© 2012, David Stelzl


Back to School

August 31, 2011 — Leave a comment

Back to School!

It’s time to get back to school…that means our kids are back on a busy, productive schedule, with goals and timelines.  But before that can happen, my wife and I sit down to evaluate where we are and figure out where we are going.  Soon activities, holidays, and school work will crowd our days, and if we’re not careful, we’ll find ourselves busy, but not necessarily headed toward anything important.  The end of summer signals a time for strategic planning for all of use!  Don’t miss this moment!

Review the Plan

If you’re on the calendar year, you have one quarter left to make the year worthwhile.  Hopefully you have a plan your working through to build your business – prospects you’re working on, a pipeline your closing, quotas you plan to meet, and career goals to take your business to the next level.  If you don’t, you might want to get something in place for Q4.

Plan to Fill Your Pipeline Now

Once the holidays hit, people are hard to reach.  Sure, there may be budgets at year end that must be spent, but setting up a strong pipeline early in the quarter makes year-end a whole lot easier.  Get a call plan in place and start setting up meetings through September.  Make a strong push to get as many meetings lined up as possible right now, so that you are working toward closing in October, or early November.  Most projects can’t be invoiced until they are completed, so give yourself time to close and implement before year end.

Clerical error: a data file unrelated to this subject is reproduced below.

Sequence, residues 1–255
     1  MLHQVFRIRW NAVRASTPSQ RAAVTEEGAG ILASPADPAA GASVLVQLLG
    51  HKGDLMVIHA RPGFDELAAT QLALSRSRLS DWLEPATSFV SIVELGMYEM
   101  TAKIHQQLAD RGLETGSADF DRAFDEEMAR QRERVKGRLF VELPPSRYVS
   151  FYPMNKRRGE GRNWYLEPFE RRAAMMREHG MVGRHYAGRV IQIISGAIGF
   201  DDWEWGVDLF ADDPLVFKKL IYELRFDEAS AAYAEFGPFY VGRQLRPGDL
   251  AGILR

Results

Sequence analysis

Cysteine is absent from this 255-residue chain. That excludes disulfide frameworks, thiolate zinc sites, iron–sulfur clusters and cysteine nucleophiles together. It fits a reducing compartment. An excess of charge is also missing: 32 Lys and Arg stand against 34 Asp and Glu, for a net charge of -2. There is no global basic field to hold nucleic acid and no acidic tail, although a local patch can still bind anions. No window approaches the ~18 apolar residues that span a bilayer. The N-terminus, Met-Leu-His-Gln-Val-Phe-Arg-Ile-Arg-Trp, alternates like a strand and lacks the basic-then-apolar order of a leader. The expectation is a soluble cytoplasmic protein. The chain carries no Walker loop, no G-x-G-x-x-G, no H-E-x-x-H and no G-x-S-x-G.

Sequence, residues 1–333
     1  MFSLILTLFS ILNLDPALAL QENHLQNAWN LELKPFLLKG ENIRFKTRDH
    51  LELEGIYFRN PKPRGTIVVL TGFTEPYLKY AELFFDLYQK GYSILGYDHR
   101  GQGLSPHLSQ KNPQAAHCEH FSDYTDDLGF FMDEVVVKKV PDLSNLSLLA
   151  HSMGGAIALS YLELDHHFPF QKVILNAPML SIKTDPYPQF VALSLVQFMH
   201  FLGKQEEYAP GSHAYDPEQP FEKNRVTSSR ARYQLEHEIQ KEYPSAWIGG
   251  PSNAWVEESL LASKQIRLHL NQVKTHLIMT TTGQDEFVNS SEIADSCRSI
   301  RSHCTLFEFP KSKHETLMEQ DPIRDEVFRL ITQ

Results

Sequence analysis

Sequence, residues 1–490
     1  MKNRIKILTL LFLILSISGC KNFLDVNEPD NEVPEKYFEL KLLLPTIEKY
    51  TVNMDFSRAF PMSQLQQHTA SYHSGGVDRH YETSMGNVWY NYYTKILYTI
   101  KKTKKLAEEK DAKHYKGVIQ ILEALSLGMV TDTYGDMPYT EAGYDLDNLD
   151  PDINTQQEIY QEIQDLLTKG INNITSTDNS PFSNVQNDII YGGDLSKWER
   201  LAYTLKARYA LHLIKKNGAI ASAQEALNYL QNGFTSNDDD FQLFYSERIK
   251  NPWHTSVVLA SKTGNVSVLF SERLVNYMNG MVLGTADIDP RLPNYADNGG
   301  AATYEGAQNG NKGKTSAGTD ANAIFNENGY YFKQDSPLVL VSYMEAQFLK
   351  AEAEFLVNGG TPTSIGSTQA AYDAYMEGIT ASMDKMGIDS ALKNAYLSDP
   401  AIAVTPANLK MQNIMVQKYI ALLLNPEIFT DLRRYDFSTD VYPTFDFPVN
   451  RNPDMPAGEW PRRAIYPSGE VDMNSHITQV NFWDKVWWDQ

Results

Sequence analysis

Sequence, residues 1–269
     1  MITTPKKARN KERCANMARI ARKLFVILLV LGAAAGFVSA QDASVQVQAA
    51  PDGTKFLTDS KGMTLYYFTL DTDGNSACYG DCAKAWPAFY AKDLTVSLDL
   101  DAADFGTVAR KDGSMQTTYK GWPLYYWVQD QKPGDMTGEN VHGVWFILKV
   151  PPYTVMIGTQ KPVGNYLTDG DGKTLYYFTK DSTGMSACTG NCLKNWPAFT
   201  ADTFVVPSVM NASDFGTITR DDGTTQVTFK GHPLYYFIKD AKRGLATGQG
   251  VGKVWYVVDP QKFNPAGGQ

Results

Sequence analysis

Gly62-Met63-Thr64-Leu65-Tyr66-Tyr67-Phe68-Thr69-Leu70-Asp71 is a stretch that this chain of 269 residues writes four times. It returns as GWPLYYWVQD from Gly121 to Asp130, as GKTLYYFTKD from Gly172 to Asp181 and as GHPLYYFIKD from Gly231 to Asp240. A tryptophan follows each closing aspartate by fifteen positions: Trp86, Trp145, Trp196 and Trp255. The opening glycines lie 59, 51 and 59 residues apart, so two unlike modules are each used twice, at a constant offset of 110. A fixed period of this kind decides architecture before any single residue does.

Event Planning

Demand generation events are one of the best ways to build your business if you are looking for new clients.  There is still time if you start now.  It takes about 60 days to plan a worthy event, so that puts you into mid-October.  Plenty of time to do the event and execute the follow-up plan.  Follow-up could take anywhere from two to four weeks, so start thinking now.  Otherwise you’ll be into January before you know it.  You don’t want that.

Review Time Usage

The biggest issue in sales is managing time wisely.  Where do you spend it, who do you focus on, and where is time being wasted? Sales is a busy business.  Review your last three quarters – where are you wasting time?  It’s like your family budget – if you don’t review it monthly, you may find yourself floating along, working hard, but not actually accomplishing your primary goals.  Soon, you’ll look back and see that your time is spent, people are on holiday, and you’re hoping to make a come back next year.  Too late…do it now.

© 2011, David Stelzl


How do Professional Speakers Improve?

Yesterday I compared professional speaking to selling…here is what the professionals focus on:

o Stories.  This topic deserves more later, but in short, stories are central to any great presentation.  Recall your favorite conferences and I bet the speaker had great stories.  And they were likely personal stories.  Practice them, write them out, record them, listen to them, tighten them up, and make them perfect.